Jesus' First Miraculous Sign.

Spiritual and Theological Considerations

John's Gospel was written to persuade unbelievers and build the faith of new Christians. John records 7 major signs of Jesus' ministry. The purpose of Jesus' signs and John's purpose in recording them is that those who see will believe.

A subtheme of the book through these signs is the concept of newness. Jesus makes new wine, talks about new worship, the new creation and new birth, new water, and new life. In response, the book's audience is prompted to be thankful for new life or convicted that they need to be made new.

The first sign (recorded in John 2:1-11) happens 7 days after John the Baptist's declaration about Jesus. It takes place at a wedding. Though weddings are not sacraments that earn grace or salvation, marriage is God's institution. Any culture seeking to change or undo it will suffer consequences.

The fact that Jesus changed water into wine echoes a theme from the prophets, signaling the coming of a Messianic age.


This incident begins a new section in the book of John. Jesus' public ministry lasted 3 years and is described in John 3-12.

The place of the event is Cana of Galilee (verse 1). This was a small town in a small area. There are no surviving ruins, but historians estimate the population was under 100. The nearby area of Nazareth (Jesus' hometown) housed about 500 people.

The people of the gathering (verses 1-9) include Jesus' mother Mary and her family. She may have been an organizer or coordinator of this wedding. She was probably widowed by now, but was evidently involved in her community. Jesus and 5 of his disciples (John, Peter, Andrew, Nathanael, and Philip) were also invited. Jesus was liked in his community and likely had been caring for his mother as the oldest son since Joseph passed away. He perfectly followed the Law as he lived in this small town.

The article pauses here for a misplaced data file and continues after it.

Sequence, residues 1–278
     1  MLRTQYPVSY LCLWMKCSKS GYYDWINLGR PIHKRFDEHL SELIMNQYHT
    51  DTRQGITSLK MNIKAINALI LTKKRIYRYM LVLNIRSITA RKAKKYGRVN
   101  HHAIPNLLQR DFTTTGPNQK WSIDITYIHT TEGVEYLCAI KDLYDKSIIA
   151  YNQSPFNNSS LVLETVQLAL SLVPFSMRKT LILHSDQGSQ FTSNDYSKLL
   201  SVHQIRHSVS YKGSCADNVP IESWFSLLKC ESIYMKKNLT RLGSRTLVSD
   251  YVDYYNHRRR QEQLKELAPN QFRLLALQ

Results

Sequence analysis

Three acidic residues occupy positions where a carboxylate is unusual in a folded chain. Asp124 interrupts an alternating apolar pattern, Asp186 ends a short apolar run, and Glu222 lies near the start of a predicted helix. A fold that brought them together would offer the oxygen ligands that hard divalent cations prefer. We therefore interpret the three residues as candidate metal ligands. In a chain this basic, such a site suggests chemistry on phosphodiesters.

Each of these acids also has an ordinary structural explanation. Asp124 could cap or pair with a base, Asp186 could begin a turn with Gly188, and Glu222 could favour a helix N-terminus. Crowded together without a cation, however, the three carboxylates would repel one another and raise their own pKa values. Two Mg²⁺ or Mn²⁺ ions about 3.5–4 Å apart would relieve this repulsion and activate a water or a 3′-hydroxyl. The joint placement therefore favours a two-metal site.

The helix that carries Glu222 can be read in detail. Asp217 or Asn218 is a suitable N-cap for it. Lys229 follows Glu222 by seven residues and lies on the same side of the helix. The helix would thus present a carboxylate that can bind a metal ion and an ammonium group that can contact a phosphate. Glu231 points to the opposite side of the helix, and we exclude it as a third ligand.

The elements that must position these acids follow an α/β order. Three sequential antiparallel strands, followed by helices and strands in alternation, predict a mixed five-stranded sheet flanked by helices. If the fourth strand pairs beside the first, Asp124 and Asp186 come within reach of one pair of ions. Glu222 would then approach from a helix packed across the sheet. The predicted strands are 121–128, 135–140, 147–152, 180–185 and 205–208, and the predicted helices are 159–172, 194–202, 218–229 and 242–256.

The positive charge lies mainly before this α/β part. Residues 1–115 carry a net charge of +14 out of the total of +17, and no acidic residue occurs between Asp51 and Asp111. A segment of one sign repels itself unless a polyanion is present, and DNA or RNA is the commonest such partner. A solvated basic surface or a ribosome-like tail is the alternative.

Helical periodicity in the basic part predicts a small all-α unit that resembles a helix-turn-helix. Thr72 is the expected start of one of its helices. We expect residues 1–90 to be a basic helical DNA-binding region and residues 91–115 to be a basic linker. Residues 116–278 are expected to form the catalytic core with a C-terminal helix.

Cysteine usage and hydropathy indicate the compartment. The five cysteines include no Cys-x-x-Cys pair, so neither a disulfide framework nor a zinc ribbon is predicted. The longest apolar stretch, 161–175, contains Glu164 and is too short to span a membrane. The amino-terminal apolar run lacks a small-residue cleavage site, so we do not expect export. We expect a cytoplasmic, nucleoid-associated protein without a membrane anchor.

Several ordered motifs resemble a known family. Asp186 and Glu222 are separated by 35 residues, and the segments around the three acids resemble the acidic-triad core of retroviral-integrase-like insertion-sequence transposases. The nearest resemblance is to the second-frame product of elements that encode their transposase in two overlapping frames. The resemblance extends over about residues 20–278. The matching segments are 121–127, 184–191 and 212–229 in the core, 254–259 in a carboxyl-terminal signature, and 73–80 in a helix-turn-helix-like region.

The process of provision is described in John 2:3-10. Jewish weddings at this time occurred after a one-year engagement. The groom's family paid for a week-long celebration, and the bride's family could sue them if any aspect fell short. Running out of wine would bring shame and conflict for all sides. Mary saw the problem and went to Jesus, seeking the perfect wisdom that she had recognized him to have throughout his life. She was confident he would solve it.

Jesus responded to Mary respectfully. His relationship with his mother would change when he started his public ministry. The "hour" he referred to was the time of his suffering and resurrection. This sign was not completely public so that an outcry to kill him would not come too soon. The groom got the credit for the new wine, not Jesus. Very few people knew what actually happened, and the celebration continued.

The miracle had a spiritual purpose, given in verse 11: that Jesus' glory would be manifested and that his disciples would believe in Him. This was the beginning of the preparation of the faith of those who would follow Him.

Practical Application

Jesus' initial evangelism was on a very small scale. Only the servants knew what miracle had occurred. Our evangelism should start at the personal level before it becomes corporate.

Don't despise doing small things that have spiritual value. God uses every act of service.

Mary's admonition to the servants, "Just do whatever Jesus says," is a great reminder to us as well. Simple obedience is a sign of saving faith (2 John 1:6).

Jesus' heart melts at a human cry for help. Mary went to Jesus privately because she knew He would help. Jesus will answer your cry when no one else does. He gives us Himself and even more in His Word and His body, the church.

Relationships are maintained when doing God's will.

This miracle had spiritual purpose not only for the immediate onlookers, but also for us who read about it centuries later. You can know the glory of God through Jesus' help, and your faith can be strengthened.